The Little Red Chairs – Edna O’Brien – Review by Pat V.
A book that begins with a middle-aged man from the Balkans arriving in a small, rural Irish town and setting up as a sex therapist might well be expected to promise exploits of the “Carry On” variety but Edna O’Brien’s 24th novel presents a very different picture. While the reaction of the town dignitaries initially fulfil our comic expectations, we very quickly realise that Dr Vladimir Dragan, or Vuk (as he likes to be called), who describes himself as a healer and sex therapist from Montenegro, is a sinister figure and it is no surprise when the novel takes a dark and tragic turn.
O’Brien’s preface to the work has already prepared us for this when she tells us that the red chairs of the title refer to the 11,541 plastic seats laid out on Sarajevo’s main street, in 2012, to commemorate the dead of the siege of the city 20 years earlier, and specifically of the 643 little red chairs in memory of the children massacred. Her visitor from the Balkans is based on Radovan Karadzic, “The Butcher of Bosnia”, found guity in March 2016 of genocide and crimes against humanity, who used the alias Dr Dragan David Dabic during his long period as a fugitive. Like Vuk, in the novel, Karadzic dabbled in alternative medicine and poetry. The focus of the novel, therefore, is not to surprise the reader with the revelation of Dragen’s real identity but to show the effect he has on a simple, trusting community and the destruction he leaves in his wake.
Like Dylan Thomas in Under Milk Wood, O’Brien presents us at the start with the inner life of a wide tableau of characters in Cloonoila, the fictional West of Ireland town where the action is set. Within the first few pages we meet the nosy postmistress, the bumbling garda, the friendly hotelier, the likeable nun and others but the focus of our attention is the town beauty, Fidelma, an unhappily married woman who longs to have a baby. All are initially intrigued by the charismatic Dr. Dragan and, in spite of opposition from the parish priest, Fr. Damien, he quickly establishes himself in the village.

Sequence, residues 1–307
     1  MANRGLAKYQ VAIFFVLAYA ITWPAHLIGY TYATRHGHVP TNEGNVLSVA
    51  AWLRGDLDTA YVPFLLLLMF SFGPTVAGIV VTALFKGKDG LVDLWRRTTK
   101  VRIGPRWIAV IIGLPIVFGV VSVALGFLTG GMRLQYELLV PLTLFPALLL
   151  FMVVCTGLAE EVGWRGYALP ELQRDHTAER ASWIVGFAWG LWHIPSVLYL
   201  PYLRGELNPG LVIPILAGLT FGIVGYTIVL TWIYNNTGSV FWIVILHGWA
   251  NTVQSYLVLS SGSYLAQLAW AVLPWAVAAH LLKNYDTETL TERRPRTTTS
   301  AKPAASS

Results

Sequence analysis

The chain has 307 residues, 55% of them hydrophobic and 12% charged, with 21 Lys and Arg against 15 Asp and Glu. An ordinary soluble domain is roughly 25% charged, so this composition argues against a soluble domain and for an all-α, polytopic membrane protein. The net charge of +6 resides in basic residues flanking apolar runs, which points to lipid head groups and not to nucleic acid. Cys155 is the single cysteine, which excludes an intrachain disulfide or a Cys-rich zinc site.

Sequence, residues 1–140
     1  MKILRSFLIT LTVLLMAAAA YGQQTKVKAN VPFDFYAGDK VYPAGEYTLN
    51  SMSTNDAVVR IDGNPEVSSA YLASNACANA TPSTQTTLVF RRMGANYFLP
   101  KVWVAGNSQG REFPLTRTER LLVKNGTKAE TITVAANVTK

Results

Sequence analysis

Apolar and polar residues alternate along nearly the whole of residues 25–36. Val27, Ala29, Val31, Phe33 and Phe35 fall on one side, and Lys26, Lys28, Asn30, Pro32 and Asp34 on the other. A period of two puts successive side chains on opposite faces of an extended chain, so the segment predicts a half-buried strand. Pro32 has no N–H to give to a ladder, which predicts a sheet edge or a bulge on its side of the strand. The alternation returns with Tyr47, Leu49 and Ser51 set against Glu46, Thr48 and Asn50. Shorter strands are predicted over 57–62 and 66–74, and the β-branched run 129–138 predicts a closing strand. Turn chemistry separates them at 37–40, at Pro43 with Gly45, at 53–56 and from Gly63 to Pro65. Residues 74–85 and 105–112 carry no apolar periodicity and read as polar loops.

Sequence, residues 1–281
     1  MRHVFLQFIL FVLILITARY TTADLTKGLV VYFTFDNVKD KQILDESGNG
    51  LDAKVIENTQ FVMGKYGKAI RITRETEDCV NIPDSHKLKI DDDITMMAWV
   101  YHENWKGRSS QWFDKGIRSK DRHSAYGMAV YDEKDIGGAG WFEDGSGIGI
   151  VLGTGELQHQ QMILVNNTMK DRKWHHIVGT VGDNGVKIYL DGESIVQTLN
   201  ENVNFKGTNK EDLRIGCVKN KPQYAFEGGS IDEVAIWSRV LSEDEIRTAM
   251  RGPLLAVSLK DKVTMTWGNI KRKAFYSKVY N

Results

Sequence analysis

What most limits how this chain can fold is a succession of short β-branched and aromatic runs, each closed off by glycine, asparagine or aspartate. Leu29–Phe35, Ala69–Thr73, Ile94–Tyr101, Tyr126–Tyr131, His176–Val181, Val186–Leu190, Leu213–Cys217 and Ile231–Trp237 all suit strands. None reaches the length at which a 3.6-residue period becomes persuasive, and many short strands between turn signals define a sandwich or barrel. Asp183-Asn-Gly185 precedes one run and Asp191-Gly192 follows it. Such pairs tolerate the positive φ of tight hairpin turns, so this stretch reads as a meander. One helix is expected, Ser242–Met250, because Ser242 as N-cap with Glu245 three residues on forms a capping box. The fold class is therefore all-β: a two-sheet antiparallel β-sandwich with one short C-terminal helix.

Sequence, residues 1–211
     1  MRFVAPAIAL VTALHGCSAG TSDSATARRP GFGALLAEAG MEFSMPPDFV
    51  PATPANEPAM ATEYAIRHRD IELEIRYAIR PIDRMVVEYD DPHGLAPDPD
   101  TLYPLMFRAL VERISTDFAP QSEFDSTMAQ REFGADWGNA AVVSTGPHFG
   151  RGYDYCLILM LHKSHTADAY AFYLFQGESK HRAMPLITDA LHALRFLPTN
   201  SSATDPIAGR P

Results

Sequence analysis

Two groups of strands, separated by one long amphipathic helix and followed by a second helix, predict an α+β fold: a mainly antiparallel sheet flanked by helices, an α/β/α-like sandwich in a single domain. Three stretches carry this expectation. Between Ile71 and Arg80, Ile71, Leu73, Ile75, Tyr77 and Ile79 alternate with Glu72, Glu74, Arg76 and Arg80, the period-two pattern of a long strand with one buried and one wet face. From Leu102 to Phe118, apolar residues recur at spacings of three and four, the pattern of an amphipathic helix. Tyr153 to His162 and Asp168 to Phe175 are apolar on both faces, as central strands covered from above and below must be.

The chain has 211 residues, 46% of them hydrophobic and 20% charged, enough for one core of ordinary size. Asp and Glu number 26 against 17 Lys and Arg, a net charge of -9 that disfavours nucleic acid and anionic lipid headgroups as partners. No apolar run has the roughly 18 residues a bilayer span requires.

When Fidelma approaches him for help with her fertility problems the die is cast and the consequence of their meeting alters her life in totally unforeseen ways. The second part of the novel concentrates on Fidelma and her struggle to survive and to understand the man who has affected her life so dramatically. While Dragan appears only in a short section of the book, his shadow hangs over the whole work like a malevolent force that entices and destroys.
Though in her 85th year, O’Brien’s writing has lost none of its strength or immediacy. The deceptively gentle start of the novel does not prepare us for the terrible story she has to tell and though it is told with great sensitivity, it is none the less shocking. She does not shield us from the horrors of genocide or the trauma of the displaced. Through Fidelma’s journey and the lost souls she encounters O’Brien jolts us out of our complacency and makes us see with fresh eyes the suffering we so often choose to ignore.
This version for Audible is excellently narrated by Juliet Stevenson (Truly, Madly, Deeply) who is faced with no easy task. She presents a large cast of characters, male and female, Irish, British, Bosnian, African and succeeds in giving individuality to all of them. At times, some of the townsfolk of Cloonoila do sound a bit Oirish but, overall, this is a small complaint. This is an enthralling book and Edna O’Brien richly deserves the recognition and tribute awarded to her on Sunday 24 April in the Gaiety Theatre.
The Audiobook is available for download from audible.co.uk and lasts 9h 40 mins.